Menopause, for many women, is an unknown — a confusing tunnel to pass through, with limited signage for what to expect. But one...
By: Hiromitsu Watanabe, PhD
Research Institute for Radiation Biology and Medicine, Hiroshima University
A traditional ingredient of the Japanese diet, miso (fermented soy bean paste), is fermented from soybeans, rice, wheat, or oats. It contains vitamins, microorganisms, salts, minerals, plant proteins, carbohydrates, and fat. Miso also contains saponin inhibiting lipids peroxide, trypsin inhibitor, isoflavon, lecithin, colin, prostaglandin E and others1). It is used on a daily basis as a flavor in soup and solid food in Japan and other parts of Asia and remains an essential ingredient for Japanese-style cooking. Even though miso has no equal in the West, Western cooks familiar with miso prize it for its almost unlimited versatility. It can be used like bouillon,as a rich meat stock in soups and stews2). It is considered as a food with health-promoting benefits, such as effectiveness in relieving fatigue, regulation of the intestinal function, digestive supplement, protection against gastric ulcer, decrease of cholesterol, decrease of blood pressure, whitening ability, prevention of diseases associated with adult lifestyle habits, apoplexia cerebri, accumulation of brain metabolism, protection of aging, healing radiation damage and prevention of cancers for biological effects.
Some words from Dr. George W. Yu:
I am thrilled that this project on Miso probiotics story is finally coming to completion after its beginning in 2003. I met Anna Bond in 2003 who introduced me to the story of Dr. Tatsuichiro Akizuki who was the Medical Director of Saint Francis Hospital, only two kilometer from the epicenter of the Nagasaki Atomic Bomb blast. I met Dr. Hiromitsu Watanabe of the Department of Radiation Biology at the Hiroshima Medical Center in 2003 and 2004, and he generously shared with me extensive basic science research on Miso and its protective effect on radiation injury as well as protection from solid tumors in animals. His work showed that 180 days old Miso had the most potent effect, freeze-dried had the same therapeutic effect as live Miso paste, and that sea salts did not lead to hypertension.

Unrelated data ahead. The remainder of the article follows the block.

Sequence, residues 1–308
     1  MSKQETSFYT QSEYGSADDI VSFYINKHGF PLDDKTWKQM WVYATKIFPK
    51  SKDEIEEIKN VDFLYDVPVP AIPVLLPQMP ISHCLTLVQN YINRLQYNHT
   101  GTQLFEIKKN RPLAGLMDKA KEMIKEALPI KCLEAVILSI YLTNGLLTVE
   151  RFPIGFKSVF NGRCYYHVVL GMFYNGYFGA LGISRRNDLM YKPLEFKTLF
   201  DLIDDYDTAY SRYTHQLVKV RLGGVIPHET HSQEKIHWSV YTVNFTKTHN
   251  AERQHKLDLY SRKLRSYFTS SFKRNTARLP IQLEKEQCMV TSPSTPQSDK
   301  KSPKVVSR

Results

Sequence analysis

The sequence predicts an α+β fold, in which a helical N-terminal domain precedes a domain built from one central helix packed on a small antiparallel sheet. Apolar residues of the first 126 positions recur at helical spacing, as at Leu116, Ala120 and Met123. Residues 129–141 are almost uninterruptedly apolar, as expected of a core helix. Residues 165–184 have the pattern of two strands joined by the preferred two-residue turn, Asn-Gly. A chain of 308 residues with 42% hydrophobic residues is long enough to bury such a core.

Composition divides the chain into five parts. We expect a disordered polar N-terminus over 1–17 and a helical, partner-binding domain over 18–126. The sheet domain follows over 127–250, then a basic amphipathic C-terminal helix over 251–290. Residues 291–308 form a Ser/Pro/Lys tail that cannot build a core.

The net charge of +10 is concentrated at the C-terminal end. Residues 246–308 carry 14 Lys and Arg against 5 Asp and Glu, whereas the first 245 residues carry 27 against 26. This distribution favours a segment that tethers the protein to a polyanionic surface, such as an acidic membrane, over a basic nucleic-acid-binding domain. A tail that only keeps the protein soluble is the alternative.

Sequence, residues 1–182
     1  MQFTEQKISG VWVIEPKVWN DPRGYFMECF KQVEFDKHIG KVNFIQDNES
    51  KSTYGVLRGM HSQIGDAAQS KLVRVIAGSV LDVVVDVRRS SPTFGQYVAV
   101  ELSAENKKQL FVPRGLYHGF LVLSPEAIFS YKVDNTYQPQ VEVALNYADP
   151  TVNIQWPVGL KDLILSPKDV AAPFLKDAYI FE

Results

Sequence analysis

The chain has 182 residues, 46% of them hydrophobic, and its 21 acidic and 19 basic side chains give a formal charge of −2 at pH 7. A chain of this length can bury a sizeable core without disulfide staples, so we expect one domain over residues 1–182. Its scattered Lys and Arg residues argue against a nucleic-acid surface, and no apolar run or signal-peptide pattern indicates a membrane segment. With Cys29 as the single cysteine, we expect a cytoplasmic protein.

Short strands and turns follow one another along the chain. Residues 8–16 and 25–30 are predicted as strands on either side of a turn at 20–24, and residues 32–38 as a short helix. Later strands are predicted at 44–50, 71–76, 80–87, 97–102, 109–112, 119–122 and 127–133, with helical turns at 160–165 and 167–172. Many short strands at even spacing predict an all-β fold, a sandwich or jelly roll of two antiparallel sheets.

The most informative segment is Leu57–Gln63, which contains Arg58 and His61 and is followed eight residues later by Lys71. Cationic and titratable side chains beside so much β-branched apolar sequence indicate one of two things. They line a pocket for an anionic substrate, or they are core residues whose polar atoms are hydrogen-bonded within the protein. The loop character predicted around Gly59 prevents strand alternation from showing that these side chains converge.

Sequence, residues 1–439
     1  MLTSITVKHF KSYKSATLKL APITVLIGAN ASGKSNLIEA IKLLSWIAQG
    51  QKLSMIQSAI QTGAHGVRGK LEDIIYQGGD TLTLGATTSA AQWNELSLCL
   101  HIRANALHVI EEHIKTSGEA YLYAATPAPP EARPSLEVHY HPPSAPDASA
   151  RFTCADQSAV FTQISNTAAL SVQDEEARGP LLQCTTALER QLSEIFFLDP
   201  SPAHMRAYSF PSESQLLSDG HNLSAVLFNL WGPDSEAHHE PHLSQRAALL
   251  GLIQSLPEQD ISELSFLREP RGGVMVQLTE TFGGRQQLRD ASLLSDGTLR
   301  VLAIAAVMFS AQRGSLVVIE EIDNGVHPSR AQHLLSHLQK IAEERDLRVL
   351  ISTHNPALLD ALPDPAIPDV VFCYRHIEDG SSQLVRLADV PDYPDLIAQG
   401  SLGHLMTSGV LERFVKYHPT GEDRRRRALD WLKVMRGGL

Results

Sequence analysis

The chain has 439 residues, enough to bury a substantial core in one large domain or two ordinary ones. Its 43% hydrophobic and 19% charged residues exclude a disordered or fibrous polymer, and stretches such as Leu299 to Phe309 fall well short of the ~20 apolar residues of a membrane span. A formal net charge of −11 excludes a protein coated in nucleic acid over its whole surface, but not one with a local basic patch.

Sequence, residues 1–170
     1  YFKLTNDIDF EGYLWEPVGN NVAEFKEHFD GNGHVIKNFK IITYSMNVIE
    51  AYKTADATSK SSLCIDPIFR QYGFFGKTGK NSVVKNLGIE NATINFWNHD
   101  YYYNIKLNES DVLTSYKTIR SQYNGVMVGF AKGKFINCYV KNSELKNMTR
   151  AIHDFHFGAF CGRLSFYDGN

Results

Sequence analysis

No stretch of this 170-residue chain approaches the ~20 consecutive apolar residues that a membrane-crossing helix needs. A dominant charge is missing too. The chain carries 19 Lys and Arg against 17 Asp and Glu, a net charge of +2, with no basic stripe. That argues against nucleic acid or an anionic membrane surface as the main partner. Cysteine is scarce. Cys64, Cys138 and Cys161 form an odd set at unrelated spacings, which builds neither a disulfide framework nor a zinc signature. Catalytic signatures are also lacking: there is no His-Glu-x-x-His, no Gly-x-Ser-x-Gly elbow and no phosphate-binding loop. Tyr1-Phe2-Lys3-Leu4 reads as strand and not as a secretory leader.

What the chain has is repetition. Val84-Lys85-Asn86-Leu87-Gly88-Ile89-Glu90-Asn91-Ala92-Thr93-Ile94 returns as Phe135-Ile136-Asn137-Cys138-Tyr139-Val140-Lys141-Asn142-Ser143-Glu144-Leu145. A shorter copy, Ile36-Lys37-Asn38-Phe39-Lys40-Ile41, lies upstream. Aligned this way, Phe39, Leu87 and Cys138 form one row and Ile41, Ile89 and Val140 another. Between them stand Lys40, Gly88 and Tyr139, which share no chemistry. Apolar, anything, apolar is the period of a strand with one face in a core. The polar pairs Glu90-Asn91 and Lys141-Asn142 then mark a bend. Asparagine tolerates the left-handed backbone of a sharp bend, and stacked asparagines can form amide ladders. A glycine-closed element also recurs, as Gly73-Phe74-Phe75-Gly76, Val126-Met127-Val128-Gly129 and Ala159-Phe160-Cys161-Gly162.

By: Dr. Tatsuichiro Akizuki and Translated by: Hiroko Furo, Ph.D
I am not a scientist who stays in a lab and does scientific research all the time. Neither am I a scientific scholar who publishes one scholarly article after another. It has been more than 30 years since I got into the field of medicine, and during those years I have been examining my patients as well as getting sick myself. After examining numerous patients and children of physically weak constitutions, I became painfully aware of the difficulty of curing sickness and diseases as well as finding their causes. I have since been thinking about problems such as condition, constitution and diet. I cannot emphasize enough the importance of our daily diet to our health and, consequently, the degree of sickness and effects of medication and its ability to cure. After conducting much research on various healing diets, I finally found Miso, which I realized was the basis of the Japanese diet. This is the traditional food that has been passed from generation to generation in Japan and is fit to the condition and constitution of the Japanese people. It likens to the path of philosophers in the West as well as those in the East. Miso started far before the origin of science, and its beneficial effect is something that should be proved scientifically.
By: Hiroko Furo, Ph.D
In August of 1945, the first atomic bomb was dropped in Hiroshima and the second in Nagasaki, leading to Japan's unconditional surrender and the end of the Pacific War between the U.S. and Japan. These bombs instantly killed at least 12,000 people and injured more than 100,000. Although most of the people within a two kilometer radius from the hypocenter died from direct or indirect exposure to atomic bomb blast and radiation, some did not suffer from diseases related to the radiation and are still alive at present. Then, the question we might ask is, "Why did these people survive while others did not?"
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